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Judge Rules Healthcare Reform “Unconstitutional”

A federal judge in Virginia has ruled that healthcare reform is unconstitutional and expects the Obama administration to honor that ruling while it’s being appealed. But states and private companies are continuing to plan and budget for it nonetheless.

The court ruled that Congress exceeded its constitutional powers in compelling Americans to buy health insurance. Judges elsewhere have ruled the law is valid or dismissed the cases on procedural grounds, while a judge in Florida will hear another case later this week.

In the meantime, though, employers and healthcare companies have to continue adjusting to the reform law’s many provisions. States will continue to set up their health insurance exchanges, and they’ve already budgeted for the additional 16 million people who will qualify for Medicaid under the law. And the Obama administration is unlikely to stop what it’s doing, since many of the provisions won’t take effect until 2014.

A key of the lawsuit is “economic inactivity.” The ruling says that while Congress can regulate interstate commerce, it can’t regulate…well, non-commerce, in this case the decision not to buy health insurance. The judge’s decision is online. (Politico, Wall Street Journal, Associated Press, MSNBC)

*This blog post was originally published at ACP Internist*

Health Insurance: New Survey Reveals Record Number Of Uninsured

Last month the U.S. Census Bureau released its annual survey on health insurance coverage. The results were startling, yet few politicians seemed to take notice:

– The number of people with health insurance declined for the first time ever in almost two decades. In fact, as reported by CNN this is the first time since the Census Bureau started collecting data on health insurance coverage in 1987 that fewer people reported that they had health insurance: “There were 253.6 million people with health insurance in 2009, the latest data available, down from 255.1 million a year earlier.” The percentage of the population without coverage increased from 15.4 percent to 16.7 percent.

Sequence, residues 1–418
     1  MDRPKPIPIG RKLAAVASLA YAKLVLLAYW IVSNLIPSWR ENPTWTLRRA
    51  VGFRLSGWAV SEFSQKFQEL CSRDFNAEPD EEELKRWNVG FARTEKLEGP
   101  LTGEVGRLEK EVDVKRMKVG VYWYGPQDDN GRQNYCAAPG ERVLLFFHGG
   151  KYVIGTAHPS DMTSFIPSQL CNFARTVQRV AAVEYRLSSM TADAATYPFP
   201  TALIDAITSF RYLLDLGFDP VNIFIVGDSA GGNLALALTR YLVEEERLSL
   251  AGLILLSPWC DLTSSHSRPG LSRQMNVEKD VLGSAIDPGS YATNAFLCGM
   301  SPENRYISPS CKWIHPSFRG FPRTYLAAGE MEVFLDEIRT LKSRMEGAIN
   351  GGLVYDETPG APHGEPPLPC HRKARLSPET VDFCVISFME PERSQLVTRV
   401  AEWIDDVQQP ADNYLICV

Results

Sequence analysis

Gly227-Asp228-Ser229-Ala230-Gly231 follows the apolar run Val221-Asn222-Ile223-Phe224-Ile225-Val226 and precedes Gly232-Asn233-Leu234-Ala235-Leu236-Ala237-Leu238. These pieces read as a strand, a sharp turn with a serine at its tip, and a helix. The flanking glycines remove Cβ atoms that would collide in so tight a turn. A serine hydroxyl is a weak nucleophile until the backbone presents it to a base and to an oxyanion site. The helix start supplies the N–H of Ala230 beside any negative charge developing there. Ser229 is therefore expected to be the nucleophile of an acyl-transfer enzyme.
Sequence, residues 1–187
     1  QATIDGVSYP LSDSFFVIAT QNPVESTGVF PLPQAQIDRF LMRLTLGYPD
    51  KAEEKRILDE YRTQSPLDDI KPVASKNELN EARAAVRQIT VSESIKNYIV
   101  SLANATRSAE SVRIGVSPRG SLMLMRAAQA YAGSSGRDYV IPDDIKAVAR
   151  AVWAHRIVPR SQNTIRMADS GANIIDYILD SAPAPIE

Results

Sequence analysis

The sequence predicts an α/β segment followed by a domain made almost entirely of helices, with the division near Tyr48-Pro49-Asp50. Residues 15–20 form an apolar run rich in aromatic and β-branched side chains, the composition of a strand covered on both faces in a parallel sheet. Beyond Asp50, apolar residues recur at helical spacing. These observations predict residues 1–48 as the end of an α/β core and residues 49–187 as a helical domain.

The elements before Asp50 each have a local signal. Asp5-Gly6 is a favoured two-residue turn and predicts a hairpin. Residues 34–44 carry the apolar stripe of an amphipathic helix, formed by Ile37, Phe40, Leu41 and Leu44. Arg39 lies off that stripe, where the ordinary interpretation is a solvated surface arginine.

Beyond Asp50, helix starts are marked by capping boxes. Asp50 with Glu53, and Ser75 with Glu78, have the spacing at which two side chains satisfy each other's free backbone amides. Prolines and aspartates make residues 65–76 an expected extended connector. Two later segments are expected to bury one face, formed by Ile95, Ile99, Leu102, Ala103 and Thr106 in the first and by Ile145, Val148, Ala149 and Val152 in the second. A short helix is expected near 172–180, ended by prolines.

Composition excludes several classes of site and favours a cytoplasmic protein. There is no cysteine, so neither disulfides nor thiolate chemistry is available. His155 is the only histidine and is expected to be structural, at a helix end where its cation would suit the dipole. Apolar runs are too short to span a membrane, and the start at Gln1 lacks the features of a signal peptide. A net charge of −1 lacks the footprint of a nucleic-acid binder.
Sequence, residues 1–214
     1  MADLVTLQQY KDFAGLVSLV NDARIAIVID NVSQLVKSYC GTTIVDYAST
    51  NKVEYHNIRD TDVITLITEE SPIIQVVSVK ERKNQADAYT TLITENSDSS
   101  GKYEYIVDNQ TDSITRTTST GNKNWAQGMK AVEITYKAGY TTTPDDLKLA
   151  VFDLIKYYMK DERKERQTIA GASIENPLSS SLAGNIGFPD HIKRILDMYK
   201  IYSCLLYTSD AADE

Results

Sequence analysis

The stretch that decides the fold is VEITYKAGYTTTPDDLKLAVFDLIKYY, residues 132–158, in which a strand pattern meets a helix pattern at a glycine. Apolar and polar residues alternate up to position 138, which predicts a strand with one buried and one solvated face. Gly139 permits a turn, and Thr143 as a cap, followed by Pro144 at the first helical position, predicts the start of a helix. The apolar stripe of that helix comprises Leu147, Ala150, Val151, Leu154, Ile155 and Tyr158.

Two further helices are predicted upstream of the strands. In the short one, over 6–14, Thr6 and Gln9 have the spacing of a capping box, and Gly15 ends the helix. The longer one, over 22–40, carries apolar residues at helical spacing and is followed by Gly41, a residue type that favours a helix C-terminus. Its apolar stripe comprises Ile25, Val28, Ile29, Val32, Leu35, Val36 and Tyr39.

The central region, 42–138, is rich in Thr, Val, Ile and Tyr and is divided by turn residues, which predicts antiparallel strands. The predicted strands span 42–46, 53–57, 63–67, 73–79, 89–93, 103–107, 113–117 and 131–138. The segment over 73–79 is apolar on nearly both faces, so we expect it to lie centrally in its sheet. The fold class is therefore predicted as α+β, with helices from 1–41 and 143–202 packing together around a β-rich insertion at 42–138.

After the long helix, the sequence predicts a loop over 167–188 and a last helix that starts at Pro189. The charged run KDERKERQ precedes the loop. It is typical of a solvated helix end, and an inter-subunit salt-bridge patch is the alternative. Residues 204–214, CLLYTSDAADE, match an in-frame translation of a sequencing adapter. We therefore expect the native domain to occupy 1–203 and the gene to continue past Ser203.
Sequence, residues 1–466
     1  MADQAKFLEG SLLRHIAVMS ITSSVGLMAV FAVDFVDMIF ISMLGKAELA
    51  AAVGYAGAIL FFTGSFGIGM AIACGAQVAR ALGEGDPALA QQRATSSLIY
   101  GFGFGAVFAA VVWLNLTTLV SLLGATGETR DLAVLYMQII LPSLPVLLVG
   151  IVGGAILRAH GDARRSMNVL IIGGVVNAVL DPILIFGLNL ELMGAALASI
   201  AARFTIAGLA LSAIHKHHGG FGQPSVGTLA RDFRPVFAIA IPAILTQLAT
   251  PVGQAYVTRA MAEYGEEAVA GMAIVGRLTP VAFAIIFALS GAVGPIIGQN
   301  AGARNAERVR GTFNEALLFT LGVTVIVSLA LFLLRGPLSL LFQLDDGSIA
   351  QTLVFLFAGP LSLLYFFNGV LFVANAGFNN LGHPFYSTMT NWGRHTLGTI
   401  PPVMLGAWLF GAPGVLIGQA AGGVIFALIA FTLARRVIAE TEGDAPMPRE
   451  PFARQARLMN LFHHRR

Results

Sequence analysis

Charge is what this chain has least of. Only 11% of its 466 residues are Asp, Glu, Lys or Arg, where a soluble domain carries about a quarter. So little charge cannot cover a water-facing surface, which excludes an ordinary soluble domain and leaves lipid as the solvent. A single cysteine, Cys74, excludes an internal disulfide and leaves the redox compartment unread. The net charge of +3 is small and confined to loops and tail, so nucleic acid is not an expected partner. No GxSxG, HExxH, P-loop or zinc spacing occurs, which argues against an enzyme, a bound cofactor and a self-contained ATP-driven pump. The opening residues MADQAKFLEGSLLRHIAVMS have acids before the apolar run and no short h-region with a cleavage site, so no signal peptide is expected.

– Almost 51 million U.S. residents had no health insurance coverage at all, a record high, and an increase of almost five million uninsured from 2008.

– Fewer Americans received health insurance coverage through their jobs, continuing a decade-long trend. The number covered by employment-based health insurance declined from 176.3 million to 169.7 million, reports the Census Bureau. Based on the Census numbers, the Economic Policy Institute observes that “the share of non-elderly Americans with employer-sponsored health insurance declined for the ninth year in a row, down from 61.9% in 2008 to 58.9% in 2009, a total decline of 9.4 percentage points since 2000.” Read more »

*This blog post was originally published at The ACP Advocate Blog by Bob Doherty*

Latest Interviews

IDEA Labs: Medical Students Take The Lead In Healthcare Innovation

It’s no secret that doctors are disappointed with the way that the U.S. healthcare system is evolving. Most feel helpless about improving their work conditions or solving technical problems in patient care. Fortunately one young medical student was undeterred by the mountain of disappointment carried by his senior clinician mentors…

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How To Be A Successful Patient: Young Doctors Offer Some Advice

I am proud to be a part of the American Resident Project an initiative that promotes the writing of medical students residents and new physicians as they explore ideas for transforming American health care delivery. I recently had the opportunity to interview three of the writing fellows about how to…

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Latest Book Reviews

Book Review: Is Empathy Learned By Faking It Till It’s Real?

I m often asked to do book reviews on my blog and I rarely agree to them. This is because it takes me a long time to read a book and then if I don t enjoy it I figure the author would rather me remain silent than publish my…

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The Spirit Of The Place: Samuel Shem’s New Book May Depress You

When I was in medical school I read Samuel Shem s House Of God as a right of passage. At the time I found it to be a cynical yet eerily accurate portrayal of the underbelly of academic medicine. I gained comfort from its gallows humor and it made me…

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Eat To Save Your Life: Another Half-True Diet Book

I am hesitant to review diet books because they are so often a tangled mess of fact and fiction. Teasing out their truth from falsehood is about as exhausting as delousing a long-haired elementary school student. However after being approached by the authors’ PR agency with the promise of a…

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